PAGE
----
Chinese company leads apparent global market fraud
While clothes marketed as organic bamboo fabric are gaining popularity worldwide, it turns out no organic bamboo textiles have actually been certified. Behind the apparent fraud is the Chinese industry giant Tenbro.
The amount of “organic” bamboo fabric Tenbro exports annually is 20 times greater than the amount of American-produced organic cotton exported annually. Yet the Global Organic Textile Standard (GOTS) public database, the leading authority on certification, does not contain any “organic bamboo.”
In Europe and Japan, sales of this non-existent material are on the rise, and organic bamboo bags and clothing are marketed as the “new organic cotton.” Organic bamboo textiles are sold as environmentally friendly, natural, anti-bacterial, and breathable.
Shanghai Tenbro Bamboo Textile Co., Ltd. and the related Jiago Chemical Fiber Co, Ltd. actually exported 216,000 tons of fabric with a false internationally accredited organic certificate. The company’s description of the fabric reads: “Trendy Bamboo fibre materials. Nature, Organic, Elegant.”
The company was reported for seal abuse, having used old versions of certification seals on its website without actually being certified, Lebi Perez, Inspection and Training Coordinator at the Organic Crop Improvement Association (OCIA) told Epoch Times via email. OCIA certificates comply with the International Federation of Organic Agriculture Movement (IFOAM) guidelines and are supported the world over.
The silky material known as organic bamboo is actually viscose rayon made from bamboo fibers. Actually, what Europeans and Japanese are buying is viscose rayon made from bamboo fibers. Truly organic bamboo textile would be coarse, not having the smooth texture of rayon.
Rayon is not an eco-friendly alternative to cotton textiles, since it takes almost twice the energy to make compared to cotton-based textiles. The process of making rayon also involves many chemicals and it eliminates some natural benefits of bamboo, such as it’s anti-bacterial effect.
The most common solvent used in viscose rayon production is carbon disulfide, which is highly toxic and a dispersant (50 percent of the substance is released into the air when used in production). A newer form of rayon, Lyocell, dissolves plant fibers with the somewhat less toxic amine oxide. However, Lyocell depends on nanotechnology for fiber shaping, which is a technique not fully understood for its impact on human health, according to the Natural Resources Defense Council.
In the United States and Canada it is illegal to market rayon made from bamboo pulp as “bamboo.” It should be labeled “rayon” or “rayon made from bamboo.” The U.S. Federal Trade Commission (FTC) has warned the public about chemically-made rayon sold as natural bamboo textiles and sued several major retailers for misleading consumers.
Is Tenbro the only company doing this? Tenbro holds a vague patent in China on bamboo rayon. It will “sue any illegal overseas buyer of bamboo fiber products … accredited by the State Intellectual Property Bureau,” according to their website. They will “take legal actions to those suppliers with fraud intellectual properties or pirating our intellectual properties.” It is not entirely clear what this means or what legal claims Tenbro makes.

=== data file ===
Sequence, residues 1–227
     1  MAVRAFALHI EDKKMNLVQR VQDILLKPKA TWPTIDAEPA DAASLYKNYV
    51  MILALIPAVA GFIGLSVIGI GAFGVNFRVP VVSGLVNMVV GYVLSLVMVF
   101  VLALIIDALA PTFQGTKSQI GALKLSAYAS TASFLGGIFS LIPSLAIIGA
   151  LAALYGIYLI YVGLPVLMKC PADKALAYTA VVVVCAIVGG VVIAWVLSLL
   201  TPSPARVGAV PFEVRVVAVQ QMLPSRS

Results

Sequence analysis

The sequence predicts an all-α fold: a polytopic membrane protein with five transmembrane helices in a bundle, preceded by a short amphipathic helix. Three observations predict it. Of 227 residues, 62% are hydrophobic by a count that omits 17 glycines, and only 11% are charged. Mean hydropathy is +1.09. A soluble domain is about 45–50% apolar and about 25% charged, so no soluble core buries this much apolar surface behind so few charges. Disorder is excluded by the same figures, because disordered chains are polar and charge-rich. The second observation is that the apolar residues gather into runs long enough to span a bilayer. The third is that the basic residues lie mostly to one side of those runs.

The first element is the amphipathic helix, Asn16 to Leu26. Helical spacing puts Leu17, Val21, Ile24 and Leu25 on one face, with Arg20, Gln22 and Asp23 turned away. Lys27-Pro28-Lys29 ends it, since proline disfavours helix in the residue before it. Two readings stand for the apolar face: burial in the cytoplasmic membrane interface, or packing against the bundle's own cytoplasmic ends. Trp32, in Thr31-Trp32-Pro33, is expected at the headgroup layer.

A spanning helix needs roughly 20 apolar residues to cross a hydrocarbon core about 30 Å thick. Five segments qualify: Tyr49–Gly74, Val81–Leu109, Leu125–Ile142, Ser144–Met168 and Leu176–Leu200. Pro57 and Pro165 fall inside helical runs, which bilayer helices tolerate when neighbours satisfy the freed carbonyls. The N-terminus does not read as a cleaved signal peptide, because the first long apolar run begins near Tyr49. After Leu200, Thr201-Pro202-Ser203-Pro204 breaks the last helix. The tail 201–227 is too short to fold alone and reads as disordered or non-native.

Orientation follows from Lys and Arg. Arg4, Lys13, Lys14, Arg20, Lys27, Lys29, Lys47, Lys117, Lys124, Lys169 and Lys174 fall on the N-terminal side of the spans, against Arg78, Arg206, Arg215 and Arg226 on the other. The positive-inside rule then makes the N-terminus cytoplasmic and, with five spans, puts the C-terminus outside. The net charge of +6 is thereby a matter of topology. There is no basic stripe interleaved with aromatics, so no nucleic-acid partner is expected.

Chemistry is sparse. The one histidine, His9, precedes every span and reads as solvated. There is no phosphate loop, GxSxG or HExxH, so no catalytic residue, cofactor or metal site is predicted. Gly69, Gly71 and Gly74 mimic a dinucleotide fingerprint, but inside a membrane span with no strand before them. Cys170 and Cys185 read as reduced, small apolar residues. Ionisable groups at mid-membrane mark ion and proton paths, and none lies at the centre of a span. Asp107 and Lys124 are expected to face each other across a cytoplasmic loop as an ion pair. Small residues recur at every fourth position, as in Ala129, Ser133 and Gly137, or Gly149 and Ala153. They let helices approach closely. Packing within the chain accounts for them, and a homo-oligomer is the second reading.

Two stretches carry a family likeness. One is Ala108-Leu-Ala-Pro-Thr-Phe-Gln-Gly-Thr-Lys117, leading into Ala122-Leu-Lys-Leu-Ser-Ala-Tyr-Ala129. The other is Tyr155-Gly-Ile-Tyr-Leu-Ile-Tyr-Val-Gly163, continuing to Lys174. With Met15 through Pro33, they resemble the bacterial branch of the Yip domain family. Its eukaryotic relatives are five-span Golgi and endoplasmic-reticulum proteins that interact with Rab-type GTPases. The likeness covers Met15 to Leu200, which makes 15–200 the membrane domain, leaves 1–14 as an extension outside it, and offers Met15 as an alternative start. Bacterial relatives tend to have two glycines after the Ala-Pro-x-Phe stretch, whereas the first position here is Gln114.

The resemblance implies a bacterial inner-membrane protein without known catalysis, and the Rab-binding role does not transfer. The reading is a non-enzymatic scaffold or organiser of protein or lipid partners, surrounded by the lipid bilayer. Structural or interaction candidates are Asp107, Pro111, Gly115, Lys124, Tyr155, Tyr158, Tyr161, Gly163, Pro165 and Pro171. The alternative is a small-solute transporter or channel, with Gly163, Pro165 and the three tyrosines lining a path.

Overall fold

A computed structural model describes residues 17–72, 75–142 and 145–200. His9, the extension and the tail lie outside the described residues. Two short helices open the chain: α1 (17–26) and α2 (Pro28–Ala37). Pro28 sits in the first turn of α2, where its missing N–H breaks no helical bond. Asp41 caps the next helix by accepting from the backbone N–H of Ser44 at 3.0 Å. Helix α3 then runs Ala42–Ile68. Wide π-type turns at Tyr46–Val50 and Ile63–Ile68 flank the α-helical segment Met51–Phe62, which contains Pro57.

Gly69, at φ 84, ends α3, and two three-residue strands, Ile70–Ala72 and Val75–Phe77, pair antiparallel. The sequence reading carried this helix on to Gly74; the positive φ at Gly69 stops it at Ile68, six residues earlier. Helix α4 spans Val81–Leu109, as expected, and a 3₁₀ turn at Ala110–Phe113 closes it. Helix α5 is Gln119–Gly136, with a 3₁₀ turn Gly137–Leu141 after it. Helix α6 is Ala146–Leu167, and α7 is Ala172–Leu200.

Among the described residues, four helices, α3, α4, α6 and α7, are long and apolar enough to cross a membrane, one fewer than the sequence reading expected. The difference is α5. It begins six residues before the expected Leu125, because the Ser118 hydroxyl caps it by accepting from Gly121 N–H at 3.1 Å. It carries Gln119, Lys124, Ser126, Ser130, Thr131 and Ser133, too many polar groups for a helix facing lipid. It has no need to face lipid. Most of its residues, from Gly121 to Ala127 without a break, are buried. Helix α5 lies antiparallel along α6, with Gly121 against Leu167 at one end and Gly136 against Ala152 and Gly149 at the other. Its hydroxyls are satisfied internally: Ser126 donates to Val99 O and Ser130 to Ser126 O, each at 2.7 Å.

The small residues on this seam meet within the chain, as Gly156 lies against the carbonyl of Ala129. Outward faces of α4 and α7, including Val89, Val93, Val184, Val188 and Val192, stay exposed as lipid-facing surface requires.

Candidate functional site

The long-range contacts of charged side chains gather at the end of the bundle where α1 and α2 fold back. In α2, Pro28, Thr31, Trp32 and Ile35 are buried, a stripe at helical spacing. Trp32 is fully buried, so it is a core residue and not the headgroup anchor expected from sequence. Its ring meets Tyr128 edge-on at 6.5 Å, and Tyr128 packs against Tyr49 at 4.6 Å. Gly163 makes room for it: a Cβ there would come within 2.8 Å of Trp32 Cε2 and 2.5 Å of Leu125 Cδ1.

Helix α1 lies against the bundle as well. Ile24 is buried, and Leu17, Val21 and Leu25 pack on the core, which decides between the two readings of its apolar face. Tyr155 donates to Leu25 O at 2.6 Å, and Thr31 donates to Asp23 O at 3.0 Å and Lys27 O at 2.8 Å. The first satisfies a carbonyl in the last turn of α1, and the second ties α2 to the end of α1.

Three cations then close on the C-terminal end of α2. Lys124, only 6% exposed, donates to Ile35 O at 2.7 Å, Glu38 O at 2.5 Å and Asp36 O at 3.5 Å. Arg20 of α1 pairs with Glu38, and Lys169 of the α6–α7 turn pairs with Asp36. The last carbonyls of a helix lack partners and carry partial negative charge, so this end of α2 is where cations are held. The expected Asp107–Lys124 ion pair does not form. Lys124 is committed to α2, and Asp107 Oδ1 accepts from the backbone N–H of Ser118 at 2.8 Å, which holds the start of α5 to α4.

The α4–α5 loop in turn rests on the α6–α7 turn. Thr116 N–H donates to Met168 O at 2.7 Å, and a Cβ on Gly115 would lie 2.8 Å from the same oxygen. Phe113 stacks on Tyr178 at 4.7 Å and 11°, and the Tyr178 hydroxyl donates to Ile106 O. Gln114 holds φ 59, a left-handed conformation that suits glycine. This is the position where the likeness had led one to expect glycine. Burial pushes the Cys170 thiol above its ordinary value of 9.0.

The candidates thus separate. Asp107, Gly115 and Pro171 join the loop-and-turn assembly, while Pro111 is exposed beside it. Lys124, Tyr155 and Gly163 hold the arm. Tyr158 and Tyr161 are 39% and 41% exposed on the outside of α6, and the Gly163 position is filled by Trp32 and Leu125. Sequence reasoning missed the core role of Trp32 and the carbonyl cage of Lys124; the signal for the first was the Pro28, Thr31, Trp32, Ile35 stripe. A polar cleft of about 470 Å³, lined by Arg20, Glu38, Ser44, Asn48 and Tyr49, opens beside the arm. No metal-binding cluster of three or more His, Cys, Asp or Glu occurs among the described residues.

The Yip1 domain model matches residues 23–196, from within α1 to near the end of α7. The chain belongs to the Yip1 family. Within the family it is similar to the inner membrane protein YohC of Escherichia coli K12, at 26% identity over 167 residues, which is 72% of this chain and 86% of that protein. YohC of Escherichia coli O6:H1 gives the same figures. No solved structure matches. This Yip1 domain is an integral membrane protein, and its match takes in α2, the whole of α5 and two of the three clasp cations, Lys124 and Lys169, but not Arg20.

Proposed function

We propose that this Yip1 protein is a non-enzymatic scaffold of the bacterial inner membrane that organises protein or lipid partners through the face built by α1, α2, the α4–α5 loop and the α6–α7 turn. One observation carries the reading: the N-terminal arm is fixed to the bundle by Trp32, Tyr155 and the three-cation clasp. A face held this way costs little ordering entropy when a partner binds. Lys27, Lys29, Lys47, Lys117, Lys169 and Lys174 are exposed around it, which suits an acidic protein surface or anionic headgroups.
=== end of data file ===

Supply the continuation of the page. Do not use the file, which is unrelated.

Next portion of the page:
The Organic Bamboo Textile Dream
It is possible to grow bamboo in a natural way, even if the organic status of textiles is cast in doubt. Since 2012, a specific organic bamboo grove standard has been in place. If a grove is on clean soil, uses pure water, adds no pesticides or chemical fertilizers, and does not grow bamboo in a monoculture, it can be qualified as “organic bamboo.”
Actually, the fast-growing plant is used in reforestation efforts to regenerate bare soil and raise groundwater levels. This is how bamboo earned its reputation as a natural and environmentally friendly crop.
Traditionally, it was common sense to plant the versatile crop in gardens. According to drawings of the “four gentlemen” on the Chinese website Minghui.org, plum blossoms, orchids, bamboo, and chrysanthemums have traditionally represented integrity and are valued as true artistic subject matter in Chinese culture. Bamboo represents “morality.”
It is also possible to make textile fibers from the softer inner bamboo stalks and leaves mechanically, and mix them with other fibers into a textile you could make cloth from. However, this kind of natural bamboo textile is still in development; it is not mass-produced and not commonly for sale.
Certified organic bamboo is used for food or medicinal purposes, or construction, not for textile production. IFOAM is currently recruiting for the Bamboo Switch-Asia project. This project “funded by the European Commission addresses the urgent needs in China for increasing safety and green practices in agro-food processing. More precisely, it aims to transform the highly polluting and resource-consuming edible bamboo shoot industry into a sustainable value chain.”
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LED light bulbs are becoming increasingly popular with designers and consumers of green technology, as they use less electricity, last longer, and emit more light on a pound-for-pound basis than traditional incandescent bulbs. However, while it may be tempting to look at them as having solved the problem of environmentally-unfriendly lighting, researchers from the University of California would advise against such thinking.
Scientists from UC Irvine and UC Davis pulverized multicolored LED Christmas lights, traffic signal lights, and automobile head and brake lights, allowed residue to leach from them, and then analyzed its chemical content. They discovered that low-intensity red LEDs contained up to eight times the amount of lead allowed under California law, although generally brighter bulbs tended to contain the most contaminants. While white bulbs had a lower lead content than their colored counterparts, they still had high levels of nickel.